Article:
You can make a list and then out of that list, identify the ones that are the most important. Remember, don’t list more than seven qualities. These should work as key indicators of an effective board.
Part 2. Develop The Assessment Instruments
Now that you have identified the traits, use them to guide you towards a survey so you can properly assess. This can be done in two ways, collective board assessment and self-assessment.
Collective Board Assessment
This is a type of assessment technique that will assess the effectiveness of the board collectively. It is not directed towards one individual but to the group as a whole.
You can utilise surveys, interviews, and focus groups to conduct your collective board assessment. You can then add questions that relate to your assessment in the surveys.
However, if you want to conduct interviews instead then they can either be conducted by a member of the board or an outside consultant that can facilitate the interview process.
You can use interviews to address the operational areas of the board such as governance, fundraising, and programs. This will give you a much deeper insight into how everything works and any problem areas that may exist.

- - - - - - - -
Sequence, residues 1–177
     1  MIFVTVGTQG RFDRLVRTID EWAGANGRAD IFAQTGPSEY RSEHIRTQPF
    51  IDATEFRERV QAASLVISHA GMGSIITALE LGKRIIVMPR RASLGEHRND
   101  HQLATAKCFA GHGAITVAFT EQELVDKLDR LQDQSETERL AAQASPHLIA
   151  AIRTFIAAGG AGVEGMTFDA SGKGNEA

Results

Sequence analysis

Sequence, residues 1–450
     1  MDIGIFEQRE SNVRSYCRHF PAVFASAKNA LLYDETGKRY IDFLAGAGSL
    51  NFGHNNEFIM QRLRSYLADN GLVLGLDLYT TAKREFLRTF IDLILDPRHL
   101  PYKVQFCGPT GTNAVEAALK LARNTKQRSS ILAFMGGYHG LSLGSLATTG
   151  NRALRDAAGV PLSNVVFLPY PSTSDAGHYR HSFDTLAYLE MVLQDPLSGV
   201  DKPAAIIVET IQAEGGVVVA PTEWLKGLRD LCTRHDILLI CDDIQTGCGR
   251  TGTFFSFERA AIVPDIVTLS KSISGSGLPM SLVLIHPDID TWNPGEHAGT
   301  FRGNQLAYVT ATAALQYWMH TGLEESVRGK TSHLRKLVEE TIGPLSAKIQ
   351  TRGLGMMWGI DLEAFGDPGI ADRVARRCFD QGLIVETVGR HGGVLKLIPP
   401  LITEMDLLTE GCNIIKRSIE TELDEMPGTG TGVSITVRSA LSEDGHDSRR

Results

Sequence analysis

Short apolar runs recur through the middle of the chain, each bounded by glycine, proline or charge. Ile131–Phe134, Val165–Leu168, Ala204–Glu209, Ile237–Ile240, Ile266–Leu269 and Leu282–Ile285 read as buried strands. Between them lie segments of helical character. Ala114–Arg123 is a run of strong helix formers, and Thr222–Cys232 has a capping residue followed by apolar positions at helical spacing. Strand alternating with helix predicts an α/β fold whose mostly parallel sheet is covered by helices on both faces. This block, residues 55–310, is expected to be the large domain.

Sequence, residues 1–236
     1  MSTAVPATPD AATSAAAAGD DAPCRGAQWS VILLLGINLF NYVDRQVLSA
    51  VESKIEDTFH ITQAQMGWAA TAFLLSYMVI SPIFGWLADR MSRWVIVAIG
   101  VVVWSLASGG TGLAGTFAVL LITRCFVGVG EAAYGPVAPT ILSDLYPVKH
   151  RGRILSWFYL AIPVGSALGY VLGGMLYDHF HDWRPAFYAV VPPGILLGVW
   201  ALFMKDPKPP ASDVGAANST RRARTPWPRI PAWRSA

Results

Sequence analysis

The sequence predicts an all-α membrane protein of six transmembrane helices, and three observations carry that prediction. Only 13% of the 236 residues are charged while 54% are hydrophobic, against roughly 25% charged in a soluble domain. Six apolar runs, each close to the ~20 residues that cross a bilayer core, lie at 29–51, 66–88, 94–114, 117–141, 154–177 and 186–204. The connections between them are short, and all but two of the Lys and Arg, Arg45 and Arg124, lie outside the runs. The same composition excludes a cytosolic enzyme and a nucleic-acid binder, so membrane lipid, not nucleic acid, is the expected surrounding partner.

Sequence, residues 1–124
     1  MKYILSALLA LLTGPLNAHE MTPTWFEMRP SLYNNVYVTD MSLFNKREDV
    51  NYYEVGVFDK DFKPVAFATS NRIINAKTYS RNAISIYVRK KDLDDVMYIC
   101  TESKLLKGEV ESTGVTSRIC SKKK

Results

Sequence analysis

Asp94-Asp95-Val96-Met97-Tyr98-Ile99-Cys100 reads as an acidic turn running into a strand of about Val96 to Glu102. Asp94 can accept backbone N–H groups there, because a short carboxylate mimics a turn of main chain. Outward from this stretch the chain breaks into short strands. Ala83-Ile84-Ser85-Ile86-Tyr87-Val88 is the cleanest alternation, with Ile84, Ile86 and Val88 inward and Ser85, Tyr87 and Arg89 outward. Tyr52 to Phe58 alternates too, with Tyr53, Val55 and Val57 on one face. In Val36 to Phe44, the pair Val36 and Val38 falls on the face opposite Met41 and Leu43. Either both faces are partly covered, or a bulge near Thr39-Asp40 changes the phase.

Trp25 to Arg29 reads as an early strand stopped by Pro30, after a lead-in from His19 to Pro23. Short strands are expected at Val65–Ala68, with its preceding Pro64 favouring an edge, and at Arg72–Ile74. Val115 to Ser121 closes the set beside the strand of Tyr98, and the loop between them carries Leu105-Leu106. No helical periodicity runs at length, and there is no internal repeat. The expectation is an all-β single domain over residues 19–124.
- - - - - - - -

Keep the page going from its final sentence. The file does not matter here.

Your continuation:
This style of assessment is more of an individual reflection that every board member needs to do. This will assess their participation, effectiveness, and contributions to the board.
The purpose of self-assessment is to prompt the board members to examine their level of engagement on the board and the questions you ask should reflect this.
The assessment can be conducted anonymously or openly, depending on the culture of the board and what members are more comfortable with. You can then ask questions that can be open-ended, rank-based, or even simple yes/no questions.
Open-ended questions should elicit individual reflection. Some examples of open-ended questions include:
- Do you have a strong working relationship with the CEO?
- Are you an active participant during board meetings?
- What are the things you find the most challenging about this role?
- Is there are any area of the board you would want to improve?
- Do you prepare adequately for board meetings?